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Some people in America today say rights such as those enumerated in
the Second Amendment are no longer necessary in our modern society
because the government will protect us from criminals and our advanced
state of freedom, equal protection under the law and representative
government will safeguard us from abusive and repressive government.

Now I could argue the point. But, instead, let me tell you about an
incident that took place last year in Alturas, Calif.

On Jan. 16, a fireman for the city fired 16 rounds from a .223 rifle
into an occupied bowling center owned by Norm Lakey. Two of the rounds
entered the building in a spot where the owner had been standing just
moments before.

Lakey did what most civilized Americans would do in such a situation.
He called the cops.

The Alturas police investigated the incident and found that the shots
had been fired by fireman Wayne Chester Bethel. But the cops did not
arrest Bethel. Nor was he given a sobriety test, though they were aware
he was intoxicated. Instead, the officers gave their good friend a ride
home and reported to Lakey that a couple of teen-agers had shot up his
bowling center.

Those are the facts as laid out in the Alturas Police Department
report.

Again, Lakey did what any red-blooded, law-abiding, taxpaying citizen
would do at that point. He went to the district attorney. He says he was
told the DA would have to take the case to the state attorney general’s
office because the fireman, a city official, was close friends with the
cops involved and the local judicial officials. That never happened.

Instead, Bethel was charged with a misdemeanor, served no jail time
and even got his gun back. This, by the way, after he demonstrated no
remorse for his shooting spree, which he admitted was one of a series in
which he had participated. He admitted to having a grudge against the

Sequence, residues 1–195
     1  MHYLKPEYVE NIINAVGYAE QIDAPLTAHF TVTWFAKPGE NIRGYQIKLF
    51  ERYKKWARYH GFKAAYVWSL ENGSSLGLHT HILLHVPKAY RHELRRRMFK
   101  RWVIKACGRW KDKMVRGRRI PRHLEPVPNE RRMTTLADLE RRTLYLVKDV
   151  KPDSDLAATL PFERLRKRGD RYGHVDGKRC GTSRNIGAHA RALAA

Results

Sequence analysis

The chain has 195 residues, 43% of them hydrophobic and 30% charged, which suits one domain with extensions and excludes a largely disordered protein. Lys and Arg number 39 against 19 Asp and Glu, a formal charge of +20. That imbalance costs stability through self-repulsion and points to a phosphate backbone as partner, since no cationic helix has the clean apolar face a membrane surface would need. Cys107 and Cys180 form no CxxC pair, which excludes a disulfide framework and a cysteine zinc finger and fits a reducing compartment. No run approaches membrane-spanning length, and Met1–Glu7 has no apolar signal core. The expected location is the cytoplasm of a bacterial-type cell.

owners of the bowling center and even threatened more serious violence
if he didn’t get his gun back.

Now, I guess you can say this is just an isolated incident in a small
town and is not relevant to the gun-control debate or evidence of
widespread government corruption.

I say it is relevant. I hear about stories like this every day from
my readers. We can’t begin to pass them all along. They only begin to
make sense when you see them in context.

What is the context? The context is that government is no longer a
servant of the people — not at the local level, the state level and
certainly not the federal. It has instead become the master of the
people. Whom you know means everything. Equal justice under the law has
become a joke.

If you think I’m exaggerating, just try shooting 16 rounds into a
government building — perhaps the local police station or maybe an
occupied federal building somewhere. Not only do I feel certain this is
not a crime for which you would get a ride home from the law enforcement
authorities, I doubt very much if you would survive such an attack.

You would very likely be portrayed on the national evening news as
some kind of anti-government, militia nutcase and charged with hate
crimes and terrorism if you were fortunate enough to live through the
day.

And that’s why it is more important than ever for Americans to wake
up to the threat they face from government at all levels today. They are
coming for your guns — your last line of defense. Once you put your
fate in the hands of government, all freedom is lost. Your
self-determination is a distant memory. You are now a ward of the state,
a subject, a serf.

Now I don’t think it would have made any difference to Mr. Lakey that
night whether he was armed. He probably wouldn’t shoot back under the
circumstances anyway. But the fact that government officials — whether
they are drunken firemen or members of the Bureau of Alcohol, Tobacco
and Firearms — know they can get away with this kind of behavior
because of their connections illustrates where America is headed in
1999.

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